15.3 Adding Controls

You can add server-side controls to a Web Form in two ways: manually (by writing HTML into the HTML page), or by dragging controls from the toolbox to the Design page. For example, suppose you want to use buttons to let the user choose one of three shippers provided in the Northwinds database. You could write the following HTML into the <form> element in the HTML window:

<asp:RadioButton GroupName="Shipper" id="Airborne" 
    text = "Airborne Express" Checked="True" runat="server">
<asp:RadioButton GroupName="Shipper" id="UPS" 
    text = "United Parcel Service" runat="server">
<asp:RadioButton GroupName="Shipper" id="Federal" 
    text = "Federal Express" runat="server">

The asp tags declare server-side ASP.NET controls that are replaced with normal HTML when the server processes the page. When you run the application, the browser displays three radio buttons in a button group; pressing one will deselect the others.

You can create the same effect more easily by dragging three buttons from the Visual Studio toolbox onto the Form, as illustrated in Figure 15-3.

Figure 15-3. Dragging buttons onto the Web Form

You can add controls to a page in one of two modes. The default mode is GridLayout. When you add controls in GridLayout, they are arranged in the browser using absolute positioning (x and y coordinates).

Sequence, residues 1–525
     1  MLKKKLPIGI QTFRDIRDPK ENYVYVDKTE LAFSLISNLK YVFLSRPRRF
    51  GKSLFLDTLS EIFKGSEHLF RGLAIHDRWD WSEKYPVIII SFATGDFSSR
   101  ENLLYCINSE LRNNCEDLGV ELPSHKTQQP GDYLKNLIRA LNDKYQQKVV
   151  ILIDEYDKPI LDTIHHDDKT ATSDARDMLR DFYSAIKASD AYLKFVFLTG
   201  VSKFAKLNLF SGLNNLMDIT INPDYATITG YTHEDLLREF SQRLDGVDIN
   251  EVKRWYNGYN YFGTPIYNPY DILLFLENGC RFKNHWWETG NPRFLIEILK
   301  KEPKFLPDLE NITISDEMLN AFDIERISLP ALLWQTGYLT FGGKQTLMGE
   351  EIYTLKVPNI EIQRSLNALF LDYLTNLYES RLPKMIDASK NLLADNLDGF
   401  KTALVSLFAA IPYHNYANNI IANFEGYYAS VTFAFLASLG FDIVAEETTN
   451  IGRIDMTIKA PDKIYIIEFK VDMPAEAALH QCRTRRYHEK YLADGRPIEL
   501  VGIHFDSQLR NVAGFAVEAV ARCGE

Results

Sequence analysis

The alternative mode is FlowLayout. With FlowLayout, the controls are added to the form from top to bottom, as in a Microsoft Word document. To change from Grid to Layout or back, change the pageLayout property of the document in Visual Studio .NET.

Web Forms offer two types of server-side controls. The first is server-side HTML controls, also called Web Controls. These are standard HTML controls that you tag with the attribute runat=Server.

The alternative to Web Controls is ASP.NET Server Controls, also called ASP Controls. ASP Controls have been designed to replace the standard HTML controls. ASP Controls provide a more consistent object model and more consistently named attributes. For example, with HTML controls, there are myriad different ways to handle input:

<input type="radio">
<input type="checkbox">
<input type="button">
<input type="text">

Each of these behaves differently and takes different attributes. The ASP Controls try to normalize the set of controls, using attributes consistently throughout the ASP control object model. The ASP Controls that correspond to the preceding HTML server-side controls are:

<asp:TextBox rows="1">
<asp:TextBox rows="5">

The remainder of this chapter focuses on ASP Controls.

    Part I: The C# Language